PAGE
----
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Ancient languages enhance understanding of the present

“Want to be wait-listed for Classical Greek?” “Just two seats left in Intermediate Latin; don’t wait too long to enroll!”

No one will ever hear either remark at DU. Courses about mythology and ancient literature draw many times more students than the ancient languages themselves.

Nevertheless, the very words of ancient Greek and Latin — because of books and poems written, ideas expressed, lives lived in them — endure as our heritage. They offer both stimulating documents and paradigms of intercultural stance to all humanity. By the former I mean attractive texts that we examine and interpret, enjoy and learn from; by the latter, a particular approach to other older, more stable civilizations whereby we appreciate, appropriate and transform the examples they provide and consequently innovate in our own thinking, making and living.

Rome and Greece revolutionized their respective societies and their languages, voraciously “borrowing” from others — Greeks from Egypt and the Near East, Romans from Greeks and everyone else they subjugated.

Emulation and innovation are keys, where emulation isn’t passive assimilation or reverent imitation, but creative rivalry. Captive Greeks dared their conservative, tradition-bound Roman conquerors to compete, not with swords but in words. Cicero aspired to out-orate Demosthenes, Virgil to achieve something greater than the Iliad.

Ultimately, the Nigerian Wole Soyinka, who received the Nobel Prize for Literature in 1986, transformed Euripides. Derek Walcott, a Nobel laureate from St. Lucia, challenged the Homeric poems, while U.S. Nobel Laureate Toni Morrison interwove classical and non-classical mythic strands. Morrison’s Beloved is richer for us when we know Medea.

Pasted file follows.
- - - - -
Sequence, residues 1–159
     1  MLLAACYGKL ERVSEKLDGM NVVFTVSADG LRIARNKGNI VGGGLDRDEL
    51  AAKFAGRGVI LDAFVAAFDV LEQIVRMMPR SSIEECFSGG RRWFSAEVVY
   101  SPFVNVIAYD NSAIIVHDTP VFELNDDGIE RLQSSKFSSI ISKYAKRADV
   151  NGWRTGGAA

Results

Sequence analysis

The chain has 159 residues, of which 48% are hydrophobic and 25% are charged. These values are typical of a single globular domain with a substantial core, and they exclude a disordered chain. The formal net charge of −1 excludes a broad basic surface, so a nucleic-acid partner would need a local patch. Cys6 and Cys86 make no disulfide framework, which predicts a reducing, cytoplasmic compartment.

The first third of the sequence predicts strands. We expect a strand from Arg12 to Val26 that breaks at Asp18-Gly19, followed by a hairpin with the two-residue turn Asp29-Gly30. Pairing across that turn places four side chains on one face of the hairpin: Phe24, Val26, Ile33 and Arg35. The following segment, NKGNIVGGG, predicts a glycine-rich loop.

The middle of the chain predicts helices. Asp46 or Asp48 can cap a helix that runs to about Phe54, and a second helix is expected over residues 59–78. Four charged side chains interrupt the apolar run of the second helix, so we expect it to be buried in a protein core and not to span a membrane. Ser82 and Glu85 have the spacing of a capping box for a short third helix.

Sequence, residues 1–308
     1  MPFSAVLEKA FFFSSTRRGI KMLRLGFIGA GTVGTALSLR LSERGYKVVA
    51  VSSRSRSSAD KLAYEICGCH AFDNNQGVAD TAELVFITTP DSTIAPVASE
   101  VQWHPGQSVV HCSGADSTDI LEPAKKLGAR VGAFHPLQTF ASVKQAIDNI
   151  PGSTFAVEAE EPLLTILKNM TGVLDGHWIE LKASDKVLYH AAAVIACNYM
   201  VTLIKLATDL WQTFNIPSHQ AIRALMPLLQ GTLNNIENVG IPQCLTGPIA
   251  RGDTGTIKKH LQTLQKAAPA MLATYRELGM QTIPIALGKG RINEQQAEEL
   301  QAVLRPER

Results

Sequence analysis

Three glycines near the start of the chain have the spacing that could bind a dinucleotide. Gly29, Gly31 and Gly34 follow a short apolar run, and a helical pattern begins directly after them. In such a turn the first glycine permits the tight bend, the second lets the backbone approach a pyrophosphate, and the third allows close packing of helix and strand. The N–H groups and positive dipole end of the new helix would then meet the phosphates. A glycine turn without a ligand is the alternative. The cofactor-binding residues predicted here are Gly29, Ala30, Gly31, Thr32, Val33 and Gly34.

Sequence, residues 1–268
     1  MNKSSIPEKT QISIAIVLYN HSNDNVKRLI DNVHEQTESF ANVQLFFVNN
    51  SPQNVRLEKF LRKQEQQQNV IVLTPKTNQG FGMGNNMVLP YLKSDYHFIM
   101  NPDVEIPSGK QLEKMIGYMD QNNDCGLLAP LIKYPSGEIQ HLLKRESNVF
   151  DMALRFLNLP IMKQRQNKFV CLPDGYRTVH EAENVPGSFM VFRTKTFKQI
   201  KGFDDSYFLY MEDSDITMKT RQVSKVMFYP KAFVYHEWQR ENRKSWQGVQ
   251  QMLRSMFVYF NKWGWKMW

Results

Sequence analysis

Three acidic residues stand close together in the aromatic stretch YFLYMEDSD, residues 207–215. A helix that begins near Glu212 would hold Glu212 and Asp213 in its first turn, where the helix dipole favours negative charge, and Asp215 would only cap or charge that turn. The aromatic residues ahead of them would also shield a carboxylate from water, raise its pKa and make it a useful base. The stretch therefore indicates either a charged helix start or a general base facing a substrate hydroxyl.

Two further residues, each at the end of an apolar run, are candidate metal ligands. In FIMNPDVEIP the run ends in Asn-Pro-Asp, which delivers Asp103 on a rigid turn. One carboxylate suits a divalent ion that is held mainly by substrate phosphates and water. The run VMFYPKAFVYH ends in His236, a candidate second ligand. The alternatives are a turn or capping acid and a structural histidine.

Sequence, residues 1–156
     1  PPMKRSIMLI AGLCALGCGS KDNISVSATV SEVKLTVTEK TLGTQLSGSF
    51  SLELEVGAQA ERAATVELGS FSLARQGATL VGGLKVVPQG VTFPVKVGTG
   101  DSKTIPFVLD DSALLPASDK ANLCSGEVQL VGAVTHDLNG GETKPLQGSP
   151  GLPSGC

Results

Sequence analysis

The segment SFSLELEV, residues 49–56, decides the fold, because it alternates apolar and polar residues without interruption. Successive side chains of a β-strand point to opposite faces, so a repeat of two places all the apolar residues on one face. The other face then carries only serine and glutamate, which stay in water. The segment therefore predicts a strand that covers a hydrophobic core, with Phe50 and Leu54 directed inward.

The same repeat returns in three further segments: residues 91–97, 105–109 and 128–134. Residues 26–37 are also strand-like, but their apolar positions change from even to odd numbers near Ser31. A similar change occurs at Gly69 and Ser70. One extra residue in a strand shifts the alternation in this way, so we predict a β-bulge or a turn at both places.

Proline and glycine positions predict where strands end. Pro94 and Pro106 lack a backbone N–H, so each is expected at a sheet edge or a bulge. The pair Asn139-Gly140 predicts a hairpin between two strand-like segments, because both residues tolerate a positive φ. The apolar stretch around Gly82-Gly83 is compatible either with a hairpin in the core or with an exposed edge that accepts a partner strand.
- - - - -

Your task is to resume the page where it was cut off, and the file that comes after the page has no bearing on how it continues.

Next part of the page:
Metaphors often used to describe our relationship to the classical world mislead. The Greco-Roman epoch, roughly 700 B.C. to A.D. 300, wasn’t the West’s “adolescence,” as if the Renaissance quickened what the Dark Ages had made lethargic, or reawakened it like Snow White from a long nap. Discontinuities between Western Europe circa 1500 and the ancient Mediterranean make “rebirth,” too, a misnomer. Classical antiquity was a distinct “other” that initially appealed to Europeans only because of geographic and linguistic accidents. Their excitement in the encounter indicates how little likeness there was between it and them; in fact, only because it was so different, so electrifying, could it spark the engines of modernity.

Similarly dynamic are today’s classicists, who apply adventurous, interdisciplinary eclecticism, revitalizing old masters and masterworks for a new generation of actors and creators.

The results? I can assign colloquial, intentionally provocative versions of Homer and Greek drama, Virgil and Latin lyric. Achilles and Odysseus, Oedipus and Antigone, Aeneas and Cleopatra re-rendered — as vivid as Michelangelo’s restored Sistine ceiling and as present as special-effects dinosaurs on the big screen, but more compelling, indeed transforming, in their effect on thoughtful moderns.

When bioengineers develop new varieties of crops, they exploit the oldest stores of genetic material. Ancient strains, though negligible in commercial value, make possible revolutions in modern agriculture. Similarly, fragments from Greek and Latin invigorate thinkers, writers and doers. My mission as a classicist is keeping such a hardy garden green, so today and tomorrow it feeds and instigates. My students’ opportunity is to browse and harvest.

Languages and literatures Assoc. Prof. Victor Castellani has taught classical languages at DU since 1971.

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